Monday n Dollar menu night will be from 6-8 p.m. at Troy Eagles, 225 N. Elm St. Dollar menu items include hamburger sliders, sloppy joe, hot dog, grilled cheese, french fries, onion straws, cup of soup, ice cream and more for $1 each. n Come join an Intermediate Contract Bridge game at the Tipp City Public Library every Monday at 1:30 p.m. Beverages and relaxed company provided. Sign up is required, either in person at the circulation desk, 11 E. Main St., or by phone at (937) 667-3826, Ext. 216. n Students in grades sixth through 12 can get together with their friends the first Monday of each month at 3 p.m. at the Tipp City Public Library and make something original. Registration is required by stopping in at 11 E. Main St., or calling (937) 667-3826. n Christian 12 step meetings, “Walking in Freedom,” are offered at 7 p.m. at Open Arms Church, 4075 Tipp Cowlesville Road, Tipp City. n An arthritis aquatic class will be offered from 8-9 or 9-10 a.m. at Lincoln Community Center, Troy. Call 335-2715 or visit www.lcctroy. com for more information and programs. n AA, Big Book discussion meeting will be at 11 a.m. at Trinity Episcopal Church, 60 S. Dorset Road, Troy, in the 12 Step Room. The discussion is open to the public. n AA, Green & Growing will meet at 8 p.m. The closed discussion meeting (attendees must have a desire to stop drinking) will be at Troy View Church of God, 1879 Old Staunton Road, Troy. n AA, There Is A Solution Group will meet at 8 p.m. in Ginghamsburg United Methodist Church, County Road 25-A, Ginghamsburg. The discussion group is closed (participants must have a desire to stop drinking). n AA, West Milton open discussion, 7:30 p.m., Good Shepherd Lutheran Church, rear entrance, 1209 S. Miami St. Non-smoking, handicap accessible. n Al-Anon, Serenity Seekers will meet at 8 p.m. in the 12 Step Room at Trinity Episcopal Church, 60 S. Dorset Road, Troy. The discussion meeting is open. A beginner’s meeting begins at 7:30 p.m. n Alternatives: Anger/Rage Control Group for adult males, 7-9 p.m., Miami County Shelter, 16 E. Franklin St., Troy. Issues addressed are physical, verbal and emotional violence toward family members and other persons, how to express feelings, how to communicate instead of confronting and how to act nonviolently with stress and anger issues. n Mind Over Weight Total Fitness, 6-7 p.m., 213 E. Franklin St., Troy. Other days and times available. For more information, call 339-2699. n TOPS (Take Off Pounds Sensibly), 6 p.m., Zion Lutheran Church, 11 N. Third St., Tipp City. New members welcome. For more information, call 335-9721. n Troy Noon Optimist Club will meet at noon at the Tin Roof restaurant. Guests welcome. For more information, call 478-1401. n Weight Watchers, Westminster Presbyterian, Piqua, weigh-in is at 5 and meeting at 5:30 p.m. n Parenting Education Groups will meet from 6-8 p.m. at the Family Abuse Shelter of Miami County, 16 E. Franklin St., Troy. Learn new and age-appropriate ways to parent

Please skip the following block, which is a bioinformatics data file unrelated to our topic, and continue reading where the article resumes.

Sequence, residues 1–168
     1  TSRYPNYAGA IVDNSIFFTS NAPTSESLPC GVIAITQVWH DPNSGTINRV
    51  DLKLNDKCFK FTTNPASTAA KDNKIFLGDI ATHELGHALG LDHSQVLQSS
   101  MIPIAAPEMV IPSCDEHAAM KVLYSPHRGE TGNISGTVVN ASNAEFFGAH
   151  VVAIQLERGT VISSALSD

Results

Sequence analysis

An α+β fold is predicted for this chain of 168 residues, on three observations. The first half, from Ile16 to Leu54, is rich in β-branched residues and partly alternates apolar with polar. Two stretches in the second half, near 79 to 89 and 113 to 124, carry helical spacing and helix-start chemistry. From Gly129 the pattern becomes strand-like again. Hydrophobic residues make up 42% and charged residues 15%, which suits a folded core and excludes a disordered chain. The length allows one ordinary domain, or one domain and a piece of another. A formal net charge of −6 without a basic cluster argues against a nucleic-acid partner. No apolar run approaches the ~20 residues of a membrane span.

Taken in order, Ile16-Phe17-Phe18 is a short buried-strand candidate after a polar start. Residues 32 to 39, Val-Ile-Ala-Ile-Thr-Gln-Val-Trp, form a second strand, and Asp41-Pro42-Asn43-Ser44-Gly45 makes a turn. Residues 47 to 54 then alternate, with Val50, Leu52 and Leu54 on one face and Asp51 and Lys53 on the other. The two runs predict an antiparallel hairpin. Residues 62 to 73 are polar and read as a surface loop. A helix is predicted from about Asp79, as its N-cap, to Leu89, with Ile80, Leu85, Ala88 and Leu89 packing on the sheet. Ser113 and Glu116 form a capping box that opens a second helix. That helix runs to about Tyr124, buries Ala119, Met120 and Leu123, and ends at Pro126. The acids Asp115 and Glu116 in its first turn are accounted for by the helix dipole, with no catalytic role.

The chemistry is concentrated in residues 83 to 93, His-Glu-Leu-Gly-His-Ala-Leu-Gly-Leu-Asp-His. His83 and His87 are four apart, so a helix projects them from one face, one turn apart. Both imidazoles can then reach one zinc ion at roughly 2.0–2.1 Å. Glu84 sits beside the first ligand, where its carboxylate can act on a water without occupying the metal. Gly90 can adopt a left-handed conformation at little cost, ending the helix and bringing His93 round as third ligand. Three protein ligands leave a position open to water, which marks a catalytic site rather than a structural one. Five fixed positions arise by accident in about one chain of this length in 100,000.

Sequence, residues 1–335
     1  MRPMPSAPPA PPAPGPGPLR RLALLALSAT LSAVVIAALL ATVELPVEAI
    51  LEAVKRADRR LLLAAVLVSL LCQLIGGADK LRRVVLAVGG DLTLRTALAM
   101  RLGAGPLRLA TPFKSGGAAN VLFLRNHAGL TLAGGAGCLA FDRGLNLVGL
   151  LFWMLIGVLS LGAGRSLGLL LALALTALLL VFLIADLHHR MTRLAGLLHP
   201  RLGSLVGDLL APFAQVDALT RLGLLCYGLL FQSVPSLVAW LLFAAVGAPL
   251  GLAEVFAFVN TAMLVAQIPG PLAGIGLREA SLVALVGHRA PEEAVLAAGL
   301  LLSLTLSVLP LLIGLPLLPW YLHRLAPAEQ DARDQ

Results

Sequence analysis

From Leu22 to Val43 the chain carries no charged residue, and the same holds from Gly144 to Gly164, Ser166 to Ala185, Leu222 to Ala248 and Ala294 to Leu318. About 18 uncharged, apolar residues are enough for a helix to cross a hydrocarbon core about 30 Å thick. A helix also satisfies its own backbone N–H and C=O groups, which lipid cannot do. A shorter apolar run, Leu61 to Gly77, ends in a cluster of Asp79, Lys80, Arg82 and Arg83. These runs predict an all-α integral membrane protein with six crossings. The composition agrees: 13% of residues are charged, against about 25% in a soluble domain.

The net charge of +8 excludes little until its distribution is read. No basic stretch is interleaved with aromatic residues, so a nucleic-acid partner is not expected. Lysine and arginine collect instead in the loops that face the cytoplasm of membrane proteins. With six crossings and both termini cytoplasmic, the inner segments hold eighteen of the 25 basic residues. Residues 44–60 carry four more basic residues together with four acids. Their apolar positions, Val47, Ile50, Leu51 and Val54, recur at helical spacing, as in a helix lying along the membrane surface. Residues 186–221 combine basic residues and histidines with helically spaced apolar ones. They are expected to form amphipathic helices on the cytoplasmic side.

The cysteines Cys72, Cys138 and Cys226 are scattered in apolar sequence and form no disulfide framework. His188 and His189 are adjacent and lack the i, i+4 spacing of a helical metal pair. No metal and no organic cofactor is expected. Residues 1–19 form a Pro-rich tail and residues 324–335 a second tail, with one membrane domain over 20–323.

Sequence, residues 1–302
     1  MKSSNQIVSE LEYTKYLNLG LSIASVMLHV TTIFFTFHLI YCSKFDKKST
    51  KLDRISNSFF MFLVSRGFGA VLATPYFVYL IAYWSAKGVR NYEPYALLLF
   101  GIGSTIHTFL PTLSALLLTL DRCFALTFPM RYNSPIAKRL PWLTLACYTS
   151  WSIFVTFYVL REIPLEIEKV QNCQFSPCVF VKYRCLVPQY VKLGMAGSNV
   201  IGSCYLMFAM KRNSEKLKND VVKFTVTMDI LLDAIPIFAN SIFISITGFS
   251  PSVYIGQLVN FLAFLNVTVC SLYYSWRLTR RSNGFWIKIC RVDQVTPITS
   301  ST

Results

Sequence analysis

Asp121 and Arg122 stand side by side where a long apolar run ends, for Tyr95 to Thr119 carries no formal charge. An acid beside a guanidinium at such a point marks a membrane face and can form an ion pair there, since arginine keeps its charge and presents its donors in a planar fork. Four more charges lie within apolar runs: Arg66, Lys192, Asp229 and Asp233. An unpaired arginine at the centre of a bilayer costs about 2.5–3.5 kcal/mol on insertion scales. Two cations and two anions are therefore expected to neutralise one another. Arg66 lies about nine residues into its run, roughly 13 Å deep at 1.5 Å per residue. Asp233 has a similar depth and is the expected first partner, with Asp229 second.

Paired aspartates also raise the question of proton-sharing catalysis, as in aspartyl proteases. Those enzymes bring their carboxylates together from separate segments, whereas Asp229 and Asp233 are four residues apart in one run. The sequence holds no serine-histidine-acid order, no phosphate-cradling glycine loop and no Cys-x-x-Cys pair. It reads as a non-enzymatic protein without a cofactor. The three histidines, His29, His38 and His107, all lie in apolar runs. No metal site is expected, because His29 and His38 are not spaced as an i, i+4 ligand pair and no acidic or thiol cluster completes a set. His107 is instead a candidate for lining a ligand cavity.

children. Call 339-6761 for more information. There is no charge for this program. n Narcotics Anonymous, Hug A Miracle, will meet at 7 p.m. at the Church of the Brethren, 1431 W. Main St., Troy, use back door. n Narcotics Anonymous, Inspiring Hope, 12:30 p.m., Trinity Episcopal Church, 60 S. Dorset Road, Troy. n Sanctuary, for women who have been affected by sexual abuse, location not made public. Must currently be in therapy. For more information, call Amy Johns at 667-1069, Ext. 430 n Miami Valley Women’s Center, 7049-A Taylorsville Road, Huber Heights, offers free pregnancy testing, noon to 4 p.m. and 6-9 p.m. For more information, call 236-2273. n Pilates for Beginners, 8:309:30 a.m. and 5:30-6:30 p.m. at 27 1/2 E. Main St., Tipp City. For more information, call Tipp-Monroe Community Services at 667-8631 or Celeste at 669-2441. n NAMI, a support group for family members who have a family member who is mentally ill, will meet from 7-8:30 p.m. the third Monday at the Stouder Center, Suite 4000, Troy. Call 335-3365 or 339-5393 for more information. n The Ex-WAVES, or any woman who formerly served during World War II, will meet at 1 p.m. the second Monday at Bob Evans in Troy. n Next Step at Noon, noon to 1 p.m. at Ginghamsburg South Campus, ARK, 7695 S. County Road 25-A, one mile south of the main campus.